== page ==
Tuesday, 26 September 2017

The Archiepiscopal See of Dublin (1823-)(Walsh)

Archbishop Murray of Dublin

From Walsh's History of the Irish Hierarchy, 1854, c. xvi, p. 133 ff:

Daniel Murray succeeded in 1823 was born on the 18th of April 1768 at Sheepwalk in the parish of Redcross and county of Wicklow. At the age of sixteen years he was sent to Salamanca where he studied for some years and on his return to Ireland was appointed curate in the parish of St Paul, Dublin, whence he was shortly afterwards removed to that of Arklow. There he remained until obliged by the outrages of 1798 to seek refuge in the metropolis. He became attached to St Andrew's parish and after a short interval was removed to St Mary's. In 1805 he was named prebendary of Wicklow and parish priest of Clontarf but the latter preferment he declined. In 1809 at the instance of Doctor Troy he was appointed archbishop of Hieropolis and coadjutor of Dublin and consecrated on the 30th of November in this year, the Archbishop Troy officiating as consecrator and the bishops Delany and Ryan as assistants. Having sojourned several months in the French capital in the year following he had the satisfaction of procuring an ordinance whereby the right of the archbishops and bishops of Ireland to exercise superintendence over the property belonging to Irish houses was recognised and in accordance with their wishes the Sieur Ferris administrator general was ordered to resign his functions and to deliver up to his successors the moneys deeds movables and effects belonging to the Irish colleges in France.

On the death of John Thomas Troy in 1823 Dr Murray succeeded to the see of Dublin and in 1825 was one of the prelates who drew up the pastoral instructions to the clergy and laity of Ireland, exhorting the former to the fulfillment of all their obligations the steadfast maintenance of an exemplary life as by it the pastor preaches more eloquently than in his sermons or exhortations; the vigilant administration of the holy sacraments as nothing can excuse from this all important duty, as nothing can exempt from it, not labor or fatigue nor watching nor hunger or thirst heat nor cold. In this important duty there is no just cause of delay.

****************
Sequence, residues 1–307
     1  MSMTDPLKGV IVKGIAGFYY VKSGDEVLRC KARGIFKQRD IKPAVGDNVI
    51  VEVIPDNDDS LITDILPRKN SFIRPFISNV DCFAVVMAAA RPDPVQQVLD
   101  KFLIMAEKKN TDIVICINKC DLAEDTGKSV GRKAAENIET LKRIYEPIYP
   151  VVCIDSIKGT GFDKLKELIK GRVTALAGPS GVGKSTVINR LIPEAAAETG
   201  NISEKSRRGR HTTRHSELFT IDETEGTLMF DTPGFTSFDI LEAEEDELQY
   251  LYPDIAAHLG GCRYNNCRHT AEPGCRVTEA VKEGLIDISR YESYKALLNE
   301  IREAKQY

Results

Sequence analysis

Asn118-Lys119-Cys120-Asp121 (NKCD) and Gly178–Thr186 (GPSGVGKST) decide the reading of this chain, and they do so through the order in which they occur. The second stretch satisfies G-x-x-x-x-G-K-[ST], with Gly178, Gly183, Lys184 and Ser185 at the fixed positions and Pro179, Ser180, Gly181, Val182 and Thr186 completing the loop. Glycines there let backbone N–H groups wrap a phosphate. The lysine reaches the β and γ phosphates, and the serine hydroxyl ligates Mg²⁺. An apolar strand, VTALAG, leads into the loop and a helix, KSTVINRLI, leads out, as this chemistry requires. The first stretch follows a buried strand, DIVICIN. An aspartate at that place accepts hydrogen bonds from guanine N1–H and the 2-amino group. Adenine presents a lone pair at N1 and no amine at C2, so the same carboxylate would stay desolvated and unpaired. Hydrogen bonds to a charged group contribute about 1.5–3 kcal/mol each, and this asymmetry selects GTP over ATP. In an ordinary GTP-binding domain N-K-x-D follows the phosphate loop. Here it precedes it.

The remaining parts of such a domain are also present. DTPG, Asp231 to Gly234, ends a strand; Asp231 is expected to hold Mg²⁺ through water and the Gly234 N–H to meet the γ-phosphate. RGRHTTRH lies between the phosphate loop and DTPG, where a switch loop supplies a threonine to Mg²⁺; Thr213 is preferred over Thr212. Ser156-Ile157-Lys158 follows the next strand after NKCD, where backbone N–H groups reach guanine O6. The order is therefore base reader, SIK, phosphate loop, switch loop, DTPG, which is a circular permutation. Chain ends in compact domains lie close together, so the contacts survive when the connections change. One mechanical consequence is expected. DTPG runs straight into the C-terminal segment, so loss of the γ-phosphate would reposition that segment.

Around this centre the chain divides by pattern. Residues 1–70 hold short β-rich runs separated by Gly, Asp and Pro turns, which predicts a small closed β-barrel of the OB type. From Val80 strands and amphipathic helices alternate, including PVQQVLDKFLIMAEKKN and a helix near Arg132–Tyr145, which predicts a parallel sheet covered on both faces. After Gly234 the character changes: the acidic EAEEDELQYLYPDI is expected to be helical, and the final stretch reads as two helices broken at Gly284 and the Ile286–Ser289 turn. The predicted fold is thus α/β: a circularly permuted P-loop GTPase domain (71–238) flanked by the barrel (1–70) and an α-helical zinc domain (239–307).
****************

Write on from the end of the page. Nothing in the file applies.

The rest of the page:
Zeal in promoting the honor and love of God but in order that zeal be efficient and productive of fruit it must be directed by prudence and charity, charity which is benign bears all, suffers all, vigilance in the instruction of children, because on their moral and religious education not only depends their own happiness but also that of the church and the state, labor for them in good and evil report to obtain it when it could be without a compromise of their precious faith or of that salutary discipline which surrounds and protects it as the walls and ramparts do the city. Turn away from them every insidious wile of the deceiver and while studying to have peace with all men forget not that you are the watchmen on the towers of the city of God to detect the ambuscades of her enemies. Engrave on the tender heart of the little ones the obedience they owe to God their parents their prince and to all in authority over them to inspire them with a horror of vice and a love of virtue.

Your door is the first at which the cry of distress or of misery is first heard. Let the poor find in you the sympathy of a father, the bowels of tenderness and of compassion. Remember, says this instruction, that an ecclesiastic, whether in the sanctuary or dwelling in the world, should appear a man of superior mind and of exalted virtue a man whose example can improve society whose manners irreproachable, can reflect honor on the church and add to the glory and splendor of religion, a man whose modesty should be apparent to all, as the apostle recommends, and who should be clothed with justice as the prophet expresses it.

What Dr Murray inculcated he did not forget to practice in his own life... 

During the episcopacy of Dr Murray was founded the College of All Hallows which is a prodigy of national faith and Catholic enterprise. It realizes the tendencies of the Irish people and shows what Ireland is ever ready to accomplish in the cause of religion reminding us at the same time what Catholic Ireland has done in ages long past in spreading the light of faith. Though fears were entertained of the feasibility of the project still Ireland has erected the college given it inmates provides them maintenance and will continue to maintain those groups of young and ardent missionaries who diverge with the winds of heaven to every point where salvation is to be brought to Israel/ With promptitude the archbishop of Dublin listened to the young ecclesiastic whose piety and zeal conceived the plan of founding this college for the foreign missions he applauded the design encouraged it by his patronage he recommended its cause to the protection of the prelates he saw its onward career with delight and the Almighty prolonged the life of the venerable Daniel Murray, who has been styled the De Sales of Ireland, to behold its triumphant success. When the ministers of England well acquainted with the unblemished life and high reputation of Dr Murray offered to confer upon him the distinguished post of privy councillor, the Archbishop of Dublin respectfully declined the honor proffered.